Numerical modeling of volatile organic compound emissions from ozone reactions with human-worn clothing in an aircraft cabin

Aakash C. Rai, Chao Hsin Lin, Qingyan Chen

Research output: Journal article publicationJournal articleAcademic researchpeer-review

14 Citations (Scopus)

Abstract

Volatile organic compounds are indoor air pollutants with many adverse health effects for humans. Ozone reactions with human surfaces (skin, hair, and clothing) are an important source of volatile organic compounds in the indoor air, especially in aircraft cabins because of their typically high ozone concentrations and occupant densities. Therefore, it is important to study the ozone-initiated volatile organic compound emissions from ozone reactions with passengers in an aircraft cabin and assess their resulting exposure. This investigation developed empirical models for computing the emissions of several major volatile organic compounds, including acetone, 4-oxopentanal, nonanal, and decanal, from ozone reactions with human-worn clothing. The empirical models were used to compute the contributions of human surfaces to these volatile organic compounds in an aircraft cabin mockup under different environmental conditions. The computed results were then compared with the corresponding experimental data obtained in the mockup. The models can provide rough estimates of ozone-initiated volatile organic compound concentrations. The empiricalmodels were integrated into a computational fluid dynamics analysis, and the results showed that the levels of ozone-initiated volatile organic compounds were significantly enhanced in the breathing zones of the passengers. Therefore, to accurately assess passenger exposure to volatile organic compounds, their concentrations in the breathing zones should be used.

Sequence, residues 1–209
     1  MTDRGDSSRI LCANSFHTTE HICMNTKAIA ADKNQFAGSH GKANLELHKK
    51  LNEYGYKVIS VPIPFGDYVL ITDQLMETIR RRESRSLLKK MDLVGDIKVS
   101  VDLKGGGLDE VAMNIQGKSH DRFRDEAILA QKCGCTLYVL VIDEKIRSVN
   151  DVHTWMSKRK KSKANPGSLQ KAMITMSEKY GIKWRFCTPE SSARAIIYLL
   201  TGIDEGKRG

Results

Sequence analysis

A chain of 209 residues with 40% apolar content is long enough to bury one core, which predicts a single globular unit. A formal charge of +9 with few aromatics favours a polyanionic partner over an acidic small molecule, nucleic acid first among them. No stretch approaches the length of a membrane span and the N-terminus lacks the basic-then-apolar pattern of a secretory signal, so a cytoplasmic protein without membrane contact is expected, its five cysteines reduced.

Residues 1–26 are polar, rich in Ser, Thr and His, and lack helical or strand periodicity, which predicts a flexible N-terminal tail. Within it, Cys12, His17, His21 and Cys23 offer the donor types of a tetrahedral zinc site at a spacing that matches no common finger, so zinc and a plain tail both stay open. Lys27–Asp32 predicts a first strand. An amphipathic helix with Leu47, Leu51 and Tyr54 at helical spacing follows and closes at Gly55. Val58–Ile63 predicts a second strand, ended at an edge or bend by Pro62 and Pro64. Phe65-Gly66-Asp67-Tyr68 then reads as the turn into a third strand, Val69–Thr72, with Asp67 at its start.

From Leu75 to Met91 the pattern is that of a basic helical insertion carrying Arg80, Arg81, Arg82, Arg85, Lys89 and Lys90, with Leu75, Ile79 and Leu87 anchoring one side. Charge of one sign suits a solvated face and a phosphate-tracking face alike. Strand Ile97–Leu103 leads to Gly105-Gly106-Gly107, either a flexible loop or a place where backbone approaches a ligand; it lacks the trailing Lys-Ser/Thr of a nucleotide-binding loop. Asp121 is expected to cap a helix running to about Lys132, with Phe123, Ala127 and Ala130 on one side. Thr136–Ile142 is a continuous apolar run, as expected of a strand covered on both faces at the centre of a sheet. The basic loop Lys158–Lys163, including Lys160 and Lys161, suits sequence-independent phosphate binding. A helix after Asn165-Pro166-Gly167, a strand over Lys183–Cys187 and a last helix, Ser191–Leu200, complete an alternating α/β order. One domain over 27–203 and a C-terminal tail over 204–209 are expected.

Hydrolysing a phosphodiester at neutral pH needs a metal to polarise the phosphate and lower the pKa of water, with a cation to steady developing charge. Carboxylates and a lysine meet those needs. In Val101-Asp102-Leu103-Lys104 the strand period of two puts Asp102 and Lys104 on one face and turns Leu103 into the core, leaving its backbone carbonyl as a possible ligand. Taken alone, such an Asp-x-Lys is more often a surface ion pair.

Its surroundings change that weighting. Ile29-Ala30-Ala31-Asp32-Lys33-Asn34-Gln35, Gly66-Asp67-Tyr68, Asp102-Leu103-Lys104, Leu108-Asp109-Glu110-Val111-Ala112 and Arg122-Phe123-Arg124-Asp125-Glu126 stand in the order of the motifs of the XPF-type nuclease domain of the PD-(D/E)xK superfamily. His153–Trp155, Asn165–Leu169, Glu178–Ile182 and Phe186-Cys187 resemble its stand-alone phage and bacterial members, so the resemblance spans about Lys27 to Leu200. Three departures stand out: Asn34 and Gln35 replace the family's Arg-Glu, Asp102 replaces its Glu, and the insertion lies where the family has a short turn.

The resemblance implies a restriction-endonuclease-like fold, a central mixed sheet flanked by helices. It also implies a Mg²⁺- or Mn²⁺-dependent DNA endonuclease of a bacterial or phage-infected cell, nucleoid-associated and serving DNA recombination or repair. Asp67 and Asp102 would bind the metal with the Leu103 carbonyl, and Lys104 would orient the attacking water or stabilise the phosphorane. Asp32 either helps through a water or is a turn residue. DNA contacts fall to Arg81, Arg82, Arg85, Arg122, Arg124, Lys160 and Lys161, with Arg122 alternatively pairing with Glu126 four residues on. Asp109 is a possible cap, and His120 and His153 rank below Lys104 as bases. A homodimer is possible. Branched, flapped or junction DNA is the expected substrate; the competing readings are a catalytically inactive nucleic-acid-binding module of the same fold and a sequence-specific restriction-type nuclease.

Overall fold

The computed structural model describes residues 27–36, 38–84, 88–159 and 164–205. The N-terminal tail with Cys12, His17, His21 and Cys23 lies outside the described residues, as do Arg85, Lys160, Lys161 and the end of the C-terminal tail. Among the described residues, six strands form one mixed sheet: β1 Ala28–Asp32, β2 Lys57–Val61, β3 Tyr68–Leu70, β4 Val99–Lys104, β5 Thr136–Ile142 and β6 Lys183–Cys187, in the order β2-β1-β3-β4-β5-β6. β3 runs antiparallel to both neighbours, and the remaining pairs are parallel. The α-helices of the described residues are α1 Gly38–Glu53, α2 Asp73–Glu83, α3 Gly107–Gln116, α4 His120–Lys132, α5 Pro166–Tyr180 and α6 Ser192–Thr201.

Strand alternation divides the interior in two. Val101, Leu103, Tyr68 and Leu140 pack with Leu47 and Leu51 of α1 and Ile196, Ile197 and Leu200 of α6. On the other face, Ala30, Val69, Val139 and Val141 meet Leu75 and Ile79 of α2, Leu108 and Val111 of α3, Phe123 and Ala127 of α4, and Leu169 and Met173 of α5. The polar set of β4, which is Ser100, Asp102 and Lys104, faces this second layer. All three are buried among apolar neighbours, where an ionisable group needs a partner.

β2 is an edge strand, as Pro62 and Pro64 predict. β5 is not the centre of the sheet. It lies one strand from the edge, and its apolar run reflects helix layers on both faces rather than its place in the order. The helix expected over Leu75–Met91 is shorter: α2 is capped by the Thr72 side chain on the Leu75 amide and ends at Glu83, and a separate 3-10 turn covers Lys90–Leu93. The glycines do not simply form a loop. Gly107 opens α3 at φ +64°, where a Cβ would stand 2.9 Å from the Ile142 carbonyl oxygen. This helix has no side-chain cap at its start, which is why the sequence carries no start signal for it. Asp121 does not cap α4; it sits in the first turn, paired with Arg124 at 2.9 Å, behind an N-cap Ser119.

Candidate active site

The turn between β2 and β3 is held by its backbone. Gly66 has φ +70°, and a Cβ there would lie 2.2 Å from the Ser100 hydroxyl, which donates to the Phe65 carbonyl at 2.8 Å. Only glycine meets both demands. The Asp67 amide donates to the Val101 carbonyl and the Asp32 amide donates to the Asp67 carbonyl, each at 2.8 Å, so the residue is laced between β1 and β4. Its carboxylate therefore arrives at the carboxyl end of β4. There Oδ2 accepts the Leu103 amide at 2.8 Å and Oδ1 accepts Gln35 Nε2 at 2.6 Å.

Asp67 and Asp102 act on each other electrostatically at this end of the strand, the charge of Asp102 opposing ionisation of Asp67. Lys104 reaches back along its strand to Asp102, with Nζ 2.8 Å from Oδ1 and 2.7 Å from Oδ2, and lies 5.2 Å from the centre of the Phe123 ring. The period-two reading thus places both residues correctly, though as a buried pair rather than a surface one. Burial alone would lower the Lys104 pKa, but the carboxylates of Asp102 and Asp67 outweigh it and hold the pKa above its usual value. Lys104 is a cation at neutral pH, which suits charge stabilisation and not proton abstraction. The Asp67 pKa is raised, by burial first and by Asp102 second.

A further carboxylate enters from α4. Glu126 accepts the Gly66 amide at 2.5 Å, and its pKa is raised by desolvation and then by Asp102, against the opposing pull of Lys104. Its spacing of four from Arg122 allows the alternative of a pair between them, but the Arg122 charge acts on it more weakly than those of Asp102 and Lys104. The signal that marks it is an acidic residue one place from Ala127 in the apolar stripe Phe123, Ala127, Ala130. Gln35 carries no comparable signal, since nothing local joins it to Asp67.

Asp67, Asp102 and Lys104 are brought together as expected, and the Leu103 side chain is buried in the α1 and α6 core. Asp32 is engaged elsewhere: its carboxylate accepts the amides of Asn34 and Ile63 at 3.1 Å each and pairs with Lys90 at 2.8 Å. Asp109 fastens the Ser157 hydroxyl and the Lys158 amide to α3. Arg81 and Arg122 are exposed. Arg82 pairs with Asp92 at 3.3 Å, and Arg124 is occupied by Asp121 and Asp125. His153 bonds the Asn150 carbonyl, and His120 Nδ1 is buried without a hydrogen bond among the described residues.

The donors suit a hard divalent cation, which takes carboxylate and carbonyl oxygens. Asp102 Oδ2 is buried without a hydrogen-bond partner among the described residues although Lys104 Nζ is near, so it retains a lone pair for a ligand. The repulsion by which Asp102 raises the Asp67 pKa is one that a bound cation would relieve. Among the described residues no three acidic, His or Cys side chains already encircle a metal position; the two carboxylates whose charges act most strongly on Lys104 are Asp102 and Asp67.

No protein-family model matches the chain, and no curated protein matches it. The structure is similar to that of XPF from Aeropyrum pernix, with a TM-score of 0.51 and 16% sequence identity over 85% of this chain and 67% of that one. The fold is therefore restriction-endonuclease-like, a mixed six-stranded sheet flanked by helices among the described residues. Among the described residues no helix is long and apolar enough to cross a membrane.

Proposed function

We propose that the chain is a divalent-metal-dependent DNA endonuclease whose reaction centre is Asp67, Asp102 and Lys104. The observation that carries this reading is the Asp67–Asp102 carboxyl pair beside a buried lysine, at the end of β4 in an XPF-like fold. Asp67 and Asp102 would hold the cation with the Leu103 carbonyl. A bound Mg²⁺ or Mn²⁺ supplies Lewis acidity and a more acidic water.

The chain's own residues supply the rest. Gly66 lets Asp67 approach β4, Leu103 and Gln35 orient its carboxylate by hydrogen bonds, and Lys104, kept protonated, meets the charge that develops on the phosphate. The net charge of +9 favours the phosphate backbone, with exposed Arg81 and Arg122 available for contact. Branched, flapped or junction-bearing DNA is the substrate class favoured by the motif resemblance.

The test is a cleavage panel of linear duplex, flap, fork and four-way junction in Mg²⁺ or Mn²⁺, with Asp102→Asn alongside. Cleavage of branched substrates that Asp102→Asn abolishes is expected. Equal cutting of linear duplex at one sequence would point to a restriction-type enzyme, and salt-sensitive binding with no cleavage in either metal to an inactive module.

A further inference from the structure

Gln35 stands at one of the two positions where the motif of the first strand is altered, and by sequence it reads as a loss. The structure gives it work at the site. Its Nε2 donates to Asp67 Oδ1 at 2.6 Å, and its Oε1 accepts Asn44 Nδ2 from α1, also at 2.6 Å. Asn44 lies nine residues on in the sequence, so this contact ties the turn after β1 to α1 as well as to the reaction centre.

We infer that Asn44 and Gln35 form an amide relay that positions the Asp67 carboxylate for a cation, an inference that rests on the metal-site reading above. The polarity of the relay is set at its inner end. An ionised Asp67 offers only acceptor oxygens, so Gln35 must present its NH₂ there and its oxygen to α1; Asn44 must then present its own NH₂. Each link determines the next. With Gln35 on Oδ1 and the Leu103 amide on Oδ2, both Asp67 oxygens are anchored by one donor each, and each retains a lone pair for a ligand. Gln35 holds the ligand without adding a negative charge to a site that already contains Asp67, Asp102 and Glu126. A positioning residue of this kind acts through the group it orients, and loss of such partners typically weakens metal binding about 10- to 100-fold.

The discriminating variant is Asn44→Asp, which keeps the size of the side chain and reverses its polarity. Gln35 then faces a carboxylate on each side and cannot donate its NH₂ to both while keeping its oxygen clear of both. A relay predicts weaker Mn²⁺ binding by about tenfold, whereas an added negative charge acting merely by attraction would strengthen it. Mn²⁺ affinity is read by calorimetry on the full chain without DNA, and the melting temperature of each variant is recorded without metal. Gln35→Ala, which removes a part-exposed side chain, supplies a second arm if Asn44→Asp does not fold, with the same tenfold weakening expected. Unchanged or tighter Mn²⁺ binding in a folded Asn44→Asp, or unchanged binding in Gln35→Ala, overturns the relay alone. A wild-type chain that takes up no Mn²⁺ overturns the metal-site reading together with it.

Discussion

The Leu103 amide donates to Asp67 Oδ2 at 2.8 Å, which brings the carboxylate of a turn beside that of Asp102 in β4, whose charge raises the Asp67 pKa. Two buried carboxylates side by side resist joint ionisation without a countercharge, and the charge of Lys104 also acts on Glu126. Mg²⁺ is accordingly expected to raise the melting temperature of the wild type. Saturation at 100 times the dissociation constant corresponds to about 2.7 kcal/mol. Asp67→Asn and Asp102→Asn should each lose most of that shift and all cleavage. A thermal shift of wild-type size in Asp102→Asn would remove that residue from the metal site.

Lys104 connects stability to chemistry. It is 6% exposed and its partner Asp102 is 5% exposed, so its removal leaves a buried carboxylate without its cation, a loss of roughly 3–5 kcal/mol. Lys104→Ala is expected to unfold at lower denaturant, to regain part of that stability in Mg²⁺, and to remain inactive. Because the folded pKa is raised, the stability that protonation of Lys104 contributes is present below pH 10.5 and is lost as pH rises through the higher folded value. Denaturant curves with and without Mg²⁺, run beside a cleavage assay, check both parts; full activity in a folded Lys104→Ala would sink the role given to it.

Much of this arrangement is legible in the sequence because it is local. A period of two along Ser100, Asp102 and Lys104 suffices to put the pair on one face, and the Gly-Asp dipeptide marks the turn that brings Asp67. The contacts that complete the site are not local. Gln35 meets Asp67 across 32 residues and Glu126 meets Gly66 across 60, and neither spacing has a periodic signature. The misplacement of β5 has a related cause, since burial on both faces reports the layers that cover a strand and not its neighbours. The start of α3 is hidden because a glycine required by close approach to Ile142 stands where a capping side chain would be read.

Original languageEnglish
Pages (from-to)922-931
Number of pages10
JournalHVAC and R Research
Volume20
Issue number8
DOIs
Publication statusPublished - 15 Nov 2014

ASJC Scopus subject areas

  • Building and Construction

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